National Archive of Computerized Data on Aging

Civil War Veterans Series RSS

Investigator(s): Robert W. Fogel

This historical project was developed under the direction of Robert W. Fogel with data collected on the veterans of the Union Army in the period 1820-1940 by the Department of Economics at Brigham Young University and processed by the Center for Population Economics at the University of Chicago. The project was sponsored by the National Institutes of Health and the National Science Foundation. The goal of the project was to construct datasets suitable for longitudinal analyses of factors affecting the aging process. Lifetime military, medical, and socioeconomic data linked to other historical documents on a sample of white males mustered into the Union Army during the Civil War are used to: examine the influence of environmental and host factors prior to recruitment on the health performance and survival of recruits during military service, identify and show relationships between socioeconomic and biomedical conditions (including nutritional status) of veterans at early ages and mortality rates from diseases at middle and late ages, and study the effects of health and pensions on labor force participation rates of veterans at ages 65 and over. There are three principal datasets in this project. The largest, the "Military, Pension, and Medical Records," collected from military-related documents at the National Archives in Washington, DC, include both war-time records and applications made by veterans for pension support, and related detailed physical examinations completed by physicians, certifying the veterans' health and disability status. Information from these examinations was collected in the second major dataset, the "Surgeon's Certificates." The third major dataset, the "Census Records," contains information that is available in the U.S. Federal Censuses of 1850, 1860, 1900, and 1910, though not all veterans could be successfully linked to the Census documents. However, all individuals in the series can be linked across datasets by means of a unique identification number.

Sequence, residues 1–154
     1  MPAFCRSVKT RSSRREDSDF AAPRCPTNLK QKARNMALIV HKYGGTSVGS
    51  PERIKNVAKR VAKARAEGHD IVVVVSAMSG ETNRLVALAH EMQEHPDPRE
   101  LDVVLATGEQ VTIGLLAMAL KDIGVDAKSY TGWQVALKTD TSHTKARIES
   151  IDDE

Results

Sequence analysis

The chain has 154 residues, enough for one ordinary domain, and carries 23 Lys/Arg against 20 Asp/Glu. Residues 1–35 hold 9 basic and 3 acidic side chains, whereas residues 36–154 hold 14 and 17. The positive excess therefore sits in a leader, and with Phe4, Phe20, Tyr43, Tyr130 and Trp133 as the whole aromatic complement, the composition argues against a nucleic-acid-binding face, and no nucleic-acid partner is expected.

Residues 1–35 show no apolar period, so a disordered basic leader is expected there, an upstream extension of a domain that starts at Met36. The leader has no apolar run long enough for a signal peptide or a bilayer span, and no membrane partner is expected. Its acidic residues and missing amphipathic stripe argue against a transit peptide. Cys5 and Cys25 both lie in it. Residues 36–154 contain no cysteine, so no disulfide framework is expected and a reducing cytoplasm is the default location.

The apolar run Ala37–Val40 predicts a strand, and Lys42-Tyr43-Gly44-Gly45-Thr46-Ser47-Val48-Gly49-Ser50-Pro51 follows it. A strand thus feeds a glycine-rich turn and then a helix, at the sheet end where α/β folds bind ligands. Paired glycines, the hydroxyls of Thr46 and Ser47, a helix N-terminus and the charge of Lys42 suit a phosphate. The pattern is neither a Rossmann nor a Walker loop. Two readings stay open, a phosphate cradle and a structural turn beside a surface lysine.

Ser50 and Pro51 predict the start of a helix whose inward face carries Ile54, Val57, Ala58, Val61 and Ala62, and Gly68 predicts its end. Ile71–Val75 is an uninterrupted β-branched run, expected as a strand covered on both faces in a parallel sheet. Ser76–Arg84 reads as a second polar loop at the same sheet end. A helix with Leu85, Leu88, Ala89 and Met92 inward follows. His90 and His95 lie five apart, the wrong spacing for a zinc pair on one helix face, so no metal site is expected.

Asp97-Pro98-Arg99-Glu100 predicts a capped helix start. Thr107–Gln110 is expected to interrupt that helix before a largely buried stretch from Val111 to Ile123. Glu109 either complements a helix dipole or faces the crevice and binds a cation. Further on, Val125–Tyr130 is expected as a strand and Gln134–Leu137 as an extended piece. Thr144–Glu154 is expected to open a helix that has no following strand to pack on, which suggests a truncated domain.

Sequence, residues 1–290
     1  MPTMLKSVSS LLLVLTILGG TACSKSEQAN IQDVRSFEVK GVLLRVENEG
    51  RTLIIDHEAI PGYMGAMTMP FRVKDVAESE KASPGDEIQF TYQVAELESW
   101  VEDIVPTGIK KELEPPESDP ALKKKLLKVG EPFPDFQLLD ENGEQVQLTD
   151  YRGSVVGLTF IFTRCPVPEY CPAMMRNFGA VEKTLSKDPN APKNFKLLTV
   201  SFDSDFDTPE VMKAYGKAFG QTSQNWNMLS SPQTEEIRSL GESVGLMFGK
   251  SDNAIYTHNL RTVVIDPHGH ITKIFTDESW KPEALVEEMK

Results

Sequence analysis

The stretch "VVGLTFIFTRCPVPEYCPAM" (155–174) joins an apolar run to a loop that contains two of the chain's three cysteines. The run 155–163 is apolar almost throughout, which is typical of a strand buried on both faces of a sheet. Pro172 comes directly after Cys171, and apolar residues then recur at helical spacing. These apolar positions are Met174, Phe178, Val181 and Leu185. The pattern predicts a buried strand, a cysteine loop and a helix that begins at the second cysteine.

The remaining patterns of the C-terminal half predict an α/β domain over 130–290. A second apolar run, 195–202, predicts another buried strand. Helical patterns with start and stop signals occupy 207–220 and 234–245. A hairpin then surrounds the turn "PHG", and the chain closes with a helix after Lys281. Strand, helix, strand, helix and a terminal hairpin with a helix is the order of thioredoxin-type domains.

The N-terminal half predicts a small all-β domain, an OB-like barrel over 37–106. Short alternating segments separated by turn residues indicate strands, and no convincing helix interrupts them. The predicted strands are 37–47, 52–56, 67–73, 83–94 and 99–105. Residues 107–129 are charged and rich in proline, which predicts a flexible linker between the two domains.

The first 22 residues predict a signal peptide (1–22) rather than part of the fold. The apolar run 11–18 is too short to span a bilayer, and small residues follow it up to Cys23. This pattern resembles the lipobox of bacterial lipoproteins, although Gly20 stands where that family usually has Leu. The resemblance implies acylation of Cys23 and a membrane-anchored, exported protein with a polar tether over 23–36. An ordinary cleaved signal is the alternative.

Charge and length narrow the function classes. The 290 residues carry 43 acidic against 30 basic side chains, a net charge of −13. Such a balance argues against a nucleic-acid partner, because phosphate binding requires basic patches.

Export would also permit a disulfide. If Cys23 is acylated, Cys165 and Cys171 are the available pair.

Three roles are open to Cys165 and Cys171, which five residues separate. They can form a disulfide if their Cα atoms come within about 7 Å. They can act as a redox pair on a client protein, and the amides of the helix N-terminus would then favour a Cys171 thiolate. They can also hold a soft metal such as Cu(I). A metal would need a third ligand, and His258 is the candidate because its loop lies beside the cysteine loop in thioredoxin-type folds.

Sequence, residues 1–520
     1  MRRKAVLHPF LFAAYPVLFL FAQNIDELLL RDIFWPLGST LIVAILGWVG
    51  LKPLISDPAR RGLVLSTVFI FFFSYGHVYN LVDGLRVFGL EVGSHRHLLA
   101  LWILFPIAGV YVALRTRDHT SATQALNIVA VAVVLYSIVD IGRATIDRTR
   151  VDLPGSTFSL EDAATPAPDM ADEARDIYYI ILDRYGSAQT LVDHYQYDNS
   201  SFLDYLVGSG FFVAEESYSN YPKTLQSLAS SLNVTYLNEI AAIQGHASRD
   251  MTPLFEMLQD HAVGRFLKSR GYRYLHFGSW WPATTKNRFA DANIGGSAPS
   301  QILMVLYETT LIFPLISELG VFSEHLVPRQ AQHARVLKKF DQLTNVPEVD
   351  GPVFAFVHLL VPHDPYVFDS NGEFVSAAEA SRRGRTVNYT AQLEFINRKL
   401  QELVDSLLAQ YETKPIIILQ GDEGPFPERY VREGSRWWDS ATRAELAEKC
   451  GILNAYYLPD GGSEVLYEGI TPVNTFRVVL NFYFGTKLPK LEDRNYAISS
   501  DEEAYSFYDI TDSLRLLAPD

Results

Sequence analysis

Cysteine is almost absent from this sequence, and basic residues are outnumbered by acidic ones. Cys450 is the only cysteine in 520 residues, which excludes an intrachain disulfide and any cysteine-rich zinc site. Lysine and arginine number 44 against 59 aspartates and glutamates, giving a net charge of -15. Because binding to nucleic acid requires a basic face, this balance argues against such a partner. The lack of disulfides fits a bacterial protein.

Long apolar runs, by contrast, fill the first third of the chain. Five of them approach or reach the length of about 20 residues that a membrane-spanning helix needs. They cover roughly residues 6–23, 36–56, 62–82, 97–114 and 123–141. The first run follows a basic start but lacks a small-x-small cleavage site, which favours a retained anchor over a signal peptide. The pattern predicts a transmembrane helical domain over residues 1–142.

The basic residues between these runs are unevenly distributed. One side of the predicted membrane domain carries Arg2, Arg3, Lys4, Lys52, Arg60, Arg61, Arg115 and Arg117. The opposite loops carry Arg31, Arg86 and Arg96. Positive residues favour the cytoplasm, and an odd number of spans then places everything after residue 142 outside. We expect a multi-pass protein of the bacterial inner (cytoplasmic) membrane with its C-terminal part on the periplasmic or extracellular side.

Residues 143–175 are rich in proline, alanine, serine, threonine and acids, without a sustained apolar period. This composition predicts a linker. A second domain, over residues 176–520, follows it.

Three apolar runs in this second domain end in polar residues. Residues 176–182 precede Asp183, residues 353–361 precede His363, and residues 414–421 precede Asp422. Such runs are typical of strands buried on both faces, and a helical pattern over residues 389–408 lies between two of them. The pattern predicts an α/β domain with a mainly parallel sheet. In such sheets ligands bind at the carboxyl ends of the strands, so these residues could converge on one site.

Most Recent Studies

Related Publications

Most Recent Publications

2014
Sohn, Kitae . The human capital of black soldiers during the American Civil War. Economics Letters. 122, (1), 40-43.
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2010
Costa, Dora L.,  Kahn, Matthew E. Health, wartime stress, and unit cohesion: Evidence from Union Army veterans. Demography. 47, (1), 45-66.
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2005
Cuff, Timothy . The Hidden Cost of Economic Development: The Biological Standard of Living in Antebellum Pennsylvania. Aldershot, England: Ashgate Publishers.
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2003
Costa, Dora L. Becoming Oldest Old: Evidence from Historical U.S. Data. CRR WP 2003-10, Chestnut Hill, MA: Center for Retirement Research at Boston College.
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2002
Costa, Dora L. Changing Chronic Disease Rates and Long-Term Declines in Functional Limitation Among Older Men. Demography. 39, (1), 119-137.
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2000
2000
1999
Lee, Chulhee . Farm value and retirement of farm owners in early-twentieth-century America. Explorations in Economic History. 36, (4), 387-408.
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1999
Lee, Chulhee . Selective assignment of military positions in the Union army: Implications for the impact of the Civil War. Social Science History. 23, (1), 67-97.
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1998
A’Hearn, Brian . The antebellum puzzle revisited: A new look at the physical stature of Union Army recruits during the Civil War. The Biological Standard of Living in Comparative Perspectives: Proceedings of a Conference Held in Munich January 18-23, 1997. Stuttgart: Franz Steiner Verlag.
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